"Have a good time in jail, Cal," she murmured, not bothering to hide the pleasure in her voice. "I hear a few of the larger inmates are looking forward to being with you."
"I'll get you for this!" Cal screamed at her as the bailiffs dragged him out of the courtroom. "I swear to God I will!" The door slammed behind him, but his threats echoed crazily down the hall, fading only when they locked him in a padded, soundproofed cell.
"Ladies and gentlemen of the jury, thank you for your service. This court stands adjourned." With a brisk nod at the jurors and a sharp glare at Whitman's attorney, Judge McLean withdrew to the calm blue interior of her office. Then the true bedlam began.
Mary looked at the sputum-drenched Wynona and shook her head. At last this case, this crime of passion which some wag in her office had termed "the muff snuff," was over. Atlanta had been shocked when the younger son of one of its wealthiest real-estate developers had been charged with raping and then killing a Gap salesgirl, but when the papers had implied that political forces had put pressure on the DA's office to charge Calhoun Whitman, Jr., with the crime, the whole city had gone nuts. All Mary knew was that the case landed on her desk. Although the late Sandra Manning had shown a proclivity for multiple sex partners, the evidence had pointed overwhelmingly to Whitman. Her boss and the mayor and even the governor had wanted this political bombshell out of the papers, so Mary had gone to trial with the evidence she had. For the past two weeks she had prosecuted. Today the jury had convicted.
Kate Summerfield, the chief crime reporter for the Journal-Clarion, was the first to corner Mary.
"Hey, Mary, doesn't this make six convictions for six indictments?"
Mary fought the urge to grin and raise one fist in triumph. It would be better if the press did not find out how good it felt to nail scum like Whitman. It was a rush better than coffee, better than skydiving, maybe even better than a talented man lingering between your legs. She glanced down at her papers and answered Kate's question with a modest nod. "Handsome Cal makes six."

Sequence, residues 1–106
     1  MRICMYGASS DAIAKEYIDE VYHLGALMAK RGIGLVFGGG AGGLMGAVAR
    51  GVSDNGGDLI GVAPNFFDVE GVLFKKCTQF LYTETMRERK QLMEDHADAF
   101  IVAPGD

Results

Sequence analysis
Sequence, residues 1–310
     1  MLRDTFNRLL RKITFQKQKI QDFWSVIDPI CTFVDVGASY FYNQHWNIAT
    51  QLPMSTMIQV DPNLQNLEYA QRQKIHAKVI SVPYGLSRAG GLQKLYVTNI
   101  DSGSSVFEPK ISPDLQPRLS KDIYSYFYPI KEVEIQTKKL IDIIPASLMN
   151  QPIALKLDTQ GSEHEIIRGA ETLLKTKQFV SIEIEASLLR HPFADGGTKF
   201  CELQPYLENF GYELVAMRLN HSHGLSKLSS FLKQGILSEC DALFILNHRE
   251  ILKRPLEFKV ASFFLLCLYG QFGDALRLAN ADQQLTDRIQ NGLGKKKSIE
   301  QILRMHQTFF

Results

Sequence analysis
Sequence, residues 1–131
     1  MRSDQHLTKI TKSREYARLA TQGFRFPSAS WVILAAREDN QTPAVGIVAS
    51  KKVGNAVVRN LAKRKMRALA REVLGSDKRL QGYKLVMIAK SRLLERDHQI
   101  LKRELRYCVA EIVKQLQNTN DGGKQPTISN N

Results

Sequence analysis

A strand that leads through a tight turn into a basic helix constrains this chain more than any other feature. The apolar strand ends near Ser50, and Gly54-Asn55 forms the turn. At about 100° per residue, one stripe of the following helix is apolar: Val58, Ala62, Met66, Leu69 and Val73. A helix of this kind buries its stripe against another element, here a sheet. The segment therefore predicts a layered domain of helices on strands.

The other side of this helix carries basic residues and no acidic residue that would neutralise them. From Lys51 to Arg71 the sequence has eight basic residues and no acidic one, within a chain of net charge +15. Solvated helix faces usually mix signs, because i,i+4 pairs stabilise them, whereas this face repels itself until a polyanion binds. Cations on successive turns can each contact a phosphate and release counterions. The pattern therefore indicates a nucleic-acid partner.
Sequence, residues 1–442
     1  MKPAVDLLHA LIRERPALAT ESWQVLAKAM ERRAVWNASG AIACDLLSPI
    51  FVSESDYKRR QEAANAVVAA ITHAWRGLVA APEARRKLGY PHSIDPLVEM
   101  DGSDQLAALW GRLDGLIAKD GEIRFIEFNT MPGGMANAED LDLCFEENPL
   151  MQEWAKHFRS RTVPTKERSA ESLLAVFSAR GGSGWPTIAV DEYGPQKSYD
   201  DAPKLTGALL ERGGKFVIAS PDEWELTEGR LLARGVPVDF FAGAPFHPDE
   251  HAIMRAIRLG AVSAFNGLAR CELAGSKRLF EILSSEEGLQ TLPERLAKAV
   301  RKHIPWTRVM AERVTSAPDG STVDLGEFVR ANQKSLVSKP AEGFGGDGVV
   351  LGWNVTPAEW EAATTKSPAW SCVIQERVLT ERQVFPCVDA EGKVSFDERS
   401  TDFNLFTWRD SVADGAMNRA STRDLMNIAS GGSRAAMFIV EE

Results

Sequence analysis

Kate gave a low whistle. "That's amazing for one so young. Say, is it true that the old Cherokees chopped off one hand if someone killed a man, but two hands if someone killed a woman?" She scribbled in a long, skinny notebook that looked more suited for grocery lists than front-page headlines.
Mary laughed. "Who on earth told you that?"
"Read it somewhere. Is this old Cherokee tradition why you never bargain when the victim's a woman?"
"To tell you the truth, I've never thought about it one way or the other." Mary smiled, but did not elaborate. Actually, Kate had gotten it right. The old Cherokees were hand-lobbers and she didn't bargain when the victim was female, but Mary didn't want anybody attributing that to her over breakfast tomorrow morning.
"Is this the first time you've convicted someone from a prominent Atlanta family?"
It's the first time I've convicted someone whose aunt plays bridge with my grandmother, Mary thought, but again she smiled. "Kate, I go after whoever Jim assigns me."
What People are saying about this
From the Publisher
“A top-notch thriller.”
“In the mode of Patricia Cornwell ... Bissell masterfully drives the plot with ... Gut-wrenching suspense.”
— The Asheville Citizen-Times
“A nail-biting novel of psychological terror, survival, and loyalty And friendship.”
— The Purloined Letter
“Hair-raising ... Harrowing.”
— Publishers Weekly
“Bissell tightens the screws slowly and expertly.... A shrewdly imagined female actioner, tailor-made for audiences who would’ve loved Deliverance if it hadn’t been for all that guy stuff.”
— Kirkus Reviews